A Nipomo woman was sentenced to three years in federal prison for her role in a tax fraud scheme that involved stolen identities as well as submitting false tax returns in order to get a $1.6 million loan.
The Internal Revenue Service announced Monday that Imelda Sanchez, 42, was sentenced in federal court in Los Angeles to 36 months in prison and ordered to pay more than $845,000 in restitution to the IRS and Mission Community Bank.
Sanchez pleaded guilty in February 2013 to one count of making false claims against the government and one count of making false statements on a loan application.
According to the IRS, between 2005 and 2009, while working as a bookkeeper and tax preparer in Santa Maria, Sanchez used names and Social Security numbers of relatives and clients to file fake tax returns that claimed refunds of the earned income tax credit, which Sanchez then deposited into her own bank account.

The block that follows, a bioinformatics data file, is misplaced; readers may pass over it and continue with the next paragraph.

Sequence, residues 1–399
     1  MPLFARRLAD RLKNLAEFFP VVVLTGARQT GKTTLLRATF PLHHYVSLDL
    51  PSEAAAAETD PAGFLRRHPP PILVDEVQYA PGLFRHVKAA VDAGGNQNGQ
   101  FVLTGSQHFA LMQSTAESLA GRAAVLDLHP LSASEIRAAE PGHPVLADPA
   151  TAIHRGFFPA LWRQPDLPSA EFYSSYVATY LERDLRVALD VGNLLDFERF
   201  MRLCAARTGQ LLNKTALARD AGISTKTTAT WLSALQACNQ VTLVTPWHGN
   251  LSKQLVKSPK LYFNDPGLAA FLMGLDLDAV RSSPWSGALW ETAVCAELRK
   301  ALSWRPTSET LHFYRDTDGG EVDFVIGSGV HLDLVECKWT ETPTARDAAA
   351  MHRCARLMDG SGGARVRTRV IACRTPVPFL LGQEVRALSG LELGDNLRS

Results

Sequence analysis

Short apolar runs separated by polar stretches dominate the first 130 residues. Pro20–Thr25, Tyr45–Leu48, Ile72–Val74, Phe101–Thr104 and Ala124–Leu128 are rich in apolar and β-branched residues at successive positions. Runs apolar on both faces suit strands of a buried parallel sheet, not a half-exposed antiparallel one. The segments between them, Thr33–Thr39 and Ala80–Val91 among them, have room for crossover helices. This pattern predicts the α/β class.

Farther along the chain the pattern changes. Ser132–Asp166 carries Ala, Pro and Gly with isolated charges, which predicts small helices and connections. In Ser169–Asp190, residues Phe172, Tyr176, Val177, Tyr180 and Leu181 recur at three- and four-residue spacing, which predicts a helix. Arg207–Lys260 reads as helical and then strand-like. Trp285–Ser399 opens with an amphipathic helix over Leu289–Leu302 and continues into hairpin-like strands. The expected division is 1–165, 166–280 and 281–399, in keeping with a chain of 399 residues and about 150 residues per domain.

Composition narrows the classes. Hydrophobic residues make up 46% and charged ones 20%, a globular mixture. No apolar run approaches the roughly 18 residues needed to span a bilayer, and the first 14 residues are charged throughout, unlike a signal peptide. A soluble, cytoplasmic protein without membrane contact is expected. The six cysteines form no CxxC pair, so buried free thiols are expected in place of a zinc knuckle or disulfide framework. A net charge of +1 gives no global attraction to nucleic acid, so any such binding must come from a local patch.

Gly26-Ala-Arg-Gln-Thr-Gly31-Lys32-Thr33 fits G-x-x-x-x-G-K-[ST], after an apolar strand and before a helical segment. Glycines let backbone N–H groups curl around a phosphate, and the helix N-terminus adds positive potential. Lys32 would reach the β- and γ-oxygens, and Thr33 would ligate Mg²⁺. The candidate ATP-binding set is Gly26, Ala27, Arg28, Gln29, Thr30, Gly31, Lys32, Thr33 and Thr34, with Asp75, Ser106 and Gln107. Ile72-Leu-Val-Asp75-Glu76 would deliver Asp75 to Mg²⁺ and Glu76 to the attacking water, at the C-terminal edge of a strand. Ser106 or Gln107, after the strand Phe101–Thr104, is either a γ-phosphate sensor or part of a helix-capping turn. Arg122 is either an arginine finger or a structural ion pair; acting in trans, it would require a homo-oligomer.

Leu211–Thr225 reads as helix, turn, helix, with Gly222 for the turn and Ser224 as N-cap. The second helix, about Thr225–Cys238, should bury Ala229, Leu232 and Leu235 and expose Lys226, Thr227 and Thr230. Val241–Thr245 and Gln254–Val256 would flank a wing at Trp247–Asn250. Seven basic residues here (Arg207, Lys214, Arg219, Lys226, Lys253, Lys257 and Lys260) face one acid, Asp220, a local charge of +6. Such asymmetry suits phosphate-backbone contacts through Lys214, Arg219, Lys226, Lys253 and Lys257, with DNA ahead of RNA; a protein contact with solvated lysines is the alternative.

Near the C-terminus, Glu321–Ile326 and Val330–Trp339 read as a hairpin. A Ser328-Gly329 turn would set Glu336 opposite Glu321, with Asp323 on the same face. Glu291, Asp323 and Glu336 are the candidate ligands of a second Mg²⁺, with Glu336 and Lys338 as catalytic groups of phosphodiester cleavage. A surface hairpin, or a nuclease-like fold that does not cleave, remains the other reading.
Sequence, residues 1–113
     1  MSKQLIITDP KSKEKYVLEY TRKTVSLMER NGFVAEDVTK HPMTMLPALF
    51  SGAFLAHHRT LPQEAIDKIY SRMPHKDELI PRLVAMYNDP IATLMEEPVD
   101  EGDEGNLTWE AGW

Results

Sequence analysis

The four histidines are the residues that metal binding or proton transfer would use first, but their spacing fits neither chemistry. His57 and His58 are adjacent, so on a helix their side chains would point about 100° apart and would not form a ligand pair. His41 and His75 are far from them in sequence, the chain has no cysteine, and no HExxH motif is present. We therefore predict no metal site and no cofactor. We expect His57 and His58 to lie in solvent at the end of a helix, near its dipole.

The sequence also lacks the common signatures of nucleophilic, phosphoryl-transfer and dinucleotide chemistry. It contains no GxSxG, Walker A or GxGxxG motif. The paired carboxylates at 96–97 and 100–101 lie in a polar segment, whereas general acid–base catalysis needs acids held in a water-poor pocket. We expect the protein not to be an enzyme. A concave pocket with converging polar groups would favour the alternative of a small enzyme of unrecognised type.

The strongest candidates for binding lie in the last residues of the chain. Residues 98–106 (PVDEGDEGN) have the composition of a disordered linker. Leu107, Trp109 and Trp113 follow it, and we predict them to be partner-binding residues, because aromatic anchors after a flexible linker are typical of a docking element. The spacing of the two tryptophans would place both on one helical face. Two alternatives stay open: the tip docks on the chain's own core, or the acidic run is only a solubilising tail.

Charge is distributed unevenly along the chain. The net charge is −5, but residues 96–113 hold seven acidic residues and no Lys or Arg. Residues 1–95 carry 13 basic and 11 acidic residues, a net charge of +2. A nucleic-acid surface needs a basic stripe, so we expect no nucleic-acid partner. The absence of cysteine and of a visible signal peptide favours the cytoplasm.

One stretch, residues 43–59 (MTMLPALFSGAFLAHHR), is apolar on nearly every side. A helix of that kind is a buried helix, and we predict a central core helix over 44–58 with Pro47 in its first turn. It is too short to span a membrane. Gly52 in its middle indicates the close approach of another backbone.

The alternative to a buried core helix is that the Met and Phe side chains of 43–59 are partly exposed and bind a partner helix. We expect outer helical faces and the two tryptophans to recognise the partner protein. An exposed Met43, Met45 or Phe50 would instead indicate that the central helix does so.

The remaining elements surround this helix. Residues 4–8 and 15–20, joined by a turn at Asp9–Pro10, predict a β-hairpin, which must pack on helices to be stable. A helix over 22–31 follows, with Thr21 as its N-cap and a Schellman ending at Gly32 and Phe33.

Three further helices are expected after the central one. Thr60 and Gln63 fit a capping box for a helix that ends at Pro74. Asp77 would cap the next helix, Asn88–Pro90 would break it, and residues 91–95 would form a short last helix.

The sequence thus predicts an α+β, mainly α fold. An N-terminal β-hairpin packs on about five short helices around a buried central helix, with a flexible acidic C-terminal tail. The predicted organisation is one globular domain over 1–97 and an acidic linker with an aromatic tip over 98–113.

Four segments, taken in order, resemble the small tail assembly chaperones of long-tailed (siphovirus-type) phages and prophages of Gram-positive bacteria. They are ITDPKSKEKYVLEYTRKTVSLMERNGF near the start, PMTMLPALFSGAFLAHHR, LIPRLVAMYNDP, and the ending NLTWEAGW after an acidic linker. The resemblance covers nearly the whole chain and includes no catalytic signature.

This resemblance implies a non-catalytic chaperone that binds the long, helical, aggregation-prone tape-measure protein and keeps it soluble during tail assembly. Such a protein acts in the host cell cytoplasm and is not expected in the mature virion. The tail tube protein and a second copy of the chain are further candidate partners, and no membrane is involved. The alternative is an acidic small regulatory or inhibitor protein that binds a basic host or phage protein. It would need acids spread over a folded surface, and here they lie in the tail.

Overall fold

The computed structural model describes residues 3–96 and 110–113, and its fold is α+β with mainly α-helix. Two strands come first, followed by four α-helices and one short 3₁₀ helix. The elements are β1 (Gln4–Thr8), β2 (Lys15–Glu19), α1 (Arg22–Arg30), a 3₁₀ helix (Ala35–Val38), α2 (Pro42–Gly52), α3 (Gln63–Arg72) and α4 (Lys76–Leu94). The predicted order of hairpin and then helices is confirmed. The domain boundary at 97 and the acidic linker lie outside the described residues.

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In total, Sanchez filed 39 fake tax returns and collected nearly $125,000 in false refunds.
In 2007, Sanchez also drastically overstated her income on false personal tax returns in order to secure a $1.6 million construction loan from Santa Lucia Bank, which has since merged with Mission Community Bank, which has been acquired by Heritage Oaks Bank. Two years later, she submitted more fake returns in order to refinance the loan.
The scheme cost Santa Lucia Bank more than $721,000.
Sanchez is scheduled to begin her sentence on Sept. 26.